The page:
The few folks still keeping their New Year’s resolutions to work out might be the first to appreciate the recent record-breaking lift by the Energy Department’s Jefferson Lab. Take a steel dumbbell. Hoist it up – lift with your legs! – onto a stand. Then add another ...and another ...and another. Keep doing so until dollar signs are flashing before your chiropractor’s eyes, until you’ve got 20 feet of steel standing there ...and at least six months of therapy ahead.
Then quick, BLINK!
In that strobe-like second, the electron beam that powers Jefferson’s Free-Electron Laser (FEL) could have burned through the entire steel stack. Earlier this month, Jefferson Lab's FEL test injector pumped up to a record power output of a sustained 500 kilovolts. That’s a massive lift, considering that the previous record was 320 kilovolts, but it’s also a marker for pumping things up even further. Researchers are hoping to eventually hit a total power package of a sustained 500 kilovolts and 100 megawatts.
Sounds impressive – and it is – but what does it mean and why does it matter? A sufficiently powerful laser could make an effective defensive weapon. After all, a missile may fly fast, but light flies faster, and a beam will always beat a missile when it comes to burning a hole in the sky. In addition to swatting unfriendly in-bounds, such a laser might also be useful for out-bounds like accurate detection and tracking. That’s why the Office of Naval Research is sponsoring the project.
Jefferson’s laser is so super charged because it gives electrons an ultimate workout. It injects them into a long racetrack lined with super-cooled, superconducting radiofrequency cryomodules, the accelerating components which pump the electrons up to incredible speeds. In a sense, it’s a relay race, since through an innovative energy-recovery system, the energy given off by one electron is picked up by another – a light-speed recycler. That allows the energy to be amplified with far less power.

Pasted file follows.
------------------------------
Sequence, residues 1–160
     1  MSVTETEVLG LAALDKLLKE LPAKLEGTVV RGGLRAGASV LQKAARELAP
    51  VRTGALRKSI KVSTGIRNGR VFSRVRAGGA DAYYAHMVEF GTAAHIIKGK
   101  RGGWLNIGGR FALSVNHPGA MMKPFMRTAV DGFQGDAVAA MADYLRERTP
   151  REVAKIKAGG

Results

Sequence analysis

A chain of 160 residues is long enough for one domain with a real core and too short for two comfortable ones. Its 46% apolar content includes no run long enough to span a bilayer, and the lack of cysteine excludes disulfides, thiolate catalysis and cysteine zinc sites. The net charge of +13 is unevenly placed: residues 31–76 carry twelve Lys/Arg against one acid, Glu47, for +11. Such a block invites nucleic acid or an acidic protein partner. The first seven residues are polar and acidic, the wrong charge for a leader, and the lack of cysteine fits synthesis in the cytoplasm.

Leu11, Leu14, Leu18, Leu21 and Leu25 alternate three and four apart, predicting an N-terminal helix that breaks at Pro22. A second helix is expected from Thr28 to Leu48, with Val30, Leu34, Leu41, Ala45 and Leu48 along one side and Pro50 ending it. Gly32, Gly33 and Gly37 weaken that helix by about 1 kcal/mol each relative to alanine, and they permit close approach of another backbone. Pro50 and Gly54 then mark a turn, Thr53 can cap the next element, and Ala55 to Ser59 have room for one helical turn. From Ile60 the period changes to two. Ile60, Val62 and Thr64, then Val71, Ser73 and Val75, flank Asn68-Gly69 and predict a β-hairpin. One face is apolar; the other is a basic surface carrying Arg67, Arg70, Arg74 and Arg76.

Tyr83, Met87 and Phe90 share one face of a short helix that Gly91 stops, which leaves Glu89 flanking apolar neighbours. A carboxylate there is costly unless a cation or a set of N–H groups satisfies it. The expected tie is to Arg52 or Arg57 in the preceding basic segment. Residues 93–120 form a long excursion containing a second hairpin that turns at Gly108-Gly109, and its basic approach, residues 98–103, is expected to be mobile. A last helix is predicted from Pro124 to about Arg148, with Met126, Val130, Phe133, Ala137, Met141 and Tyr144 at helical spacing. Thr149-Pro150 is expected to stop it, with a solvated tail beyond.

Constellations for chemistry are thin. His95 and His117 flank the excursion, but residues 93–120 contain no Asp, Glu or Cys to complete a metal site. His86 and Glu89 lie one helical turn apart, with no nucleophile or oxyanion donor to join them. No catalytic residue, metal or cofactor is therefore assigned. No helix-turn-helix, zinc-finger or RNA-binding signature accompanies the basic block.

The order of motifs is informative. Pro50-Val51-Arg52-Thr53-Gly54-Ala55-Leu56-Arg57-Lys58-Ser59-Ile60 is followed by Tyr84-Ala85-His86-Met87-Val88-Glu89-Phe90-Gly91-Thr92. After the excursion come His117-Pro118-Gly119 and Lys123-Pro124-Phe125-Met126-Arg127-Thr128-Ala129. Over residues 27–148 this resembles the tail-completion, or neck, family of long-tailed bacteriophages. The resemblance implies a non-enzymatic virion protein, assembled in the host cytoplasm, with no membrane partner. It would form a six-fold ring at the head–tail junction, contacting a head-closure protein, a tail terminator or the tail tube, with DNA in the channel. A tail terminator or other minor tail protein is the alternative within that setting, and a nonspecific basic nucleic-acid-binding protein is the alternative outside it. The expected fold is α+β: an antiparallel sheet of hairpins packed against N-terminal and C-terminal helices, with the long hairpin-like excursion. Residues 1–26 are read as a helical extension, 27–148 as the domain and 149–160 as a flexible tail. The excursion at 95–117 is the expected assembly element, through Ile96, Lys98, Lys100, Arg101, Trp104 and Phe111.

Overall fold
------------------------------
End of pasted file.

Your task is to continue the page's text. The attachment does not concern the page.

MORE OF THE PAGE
And unlike conventional chemical and solid-state lasers, whose beams are weaker when it comes to pushing through changing atmospheric conditions, the FEL can be tuned to a variety of different wavelengths, breaking through a shifting sky in steady strength.
Reaching that peak point will require additional years of development – in addition to pumped up power, the FEL also has to be shrunken in size so it will fit aboard a ship. But other applications are likely to be found along the way. Jefferson Lab’s tunable laser has been used to find the perfect laser color for everything from micro-machining to medical treatments. And researchers there, or at other labs managed by the Office of Science, may find many more applications.
So using brain rather than brawn, scientists and engineers are strengthening our nation and helping the Navy fulfill its full potential of perfect pumpitude. What Saturday Night Live’s Hans and Franz once said remains true for Jefferson Lab and its FEL, “We just want to ...Pump ...you up!”
For more information on the DOE Office of Science, please go to: http://www.science.energy.gov/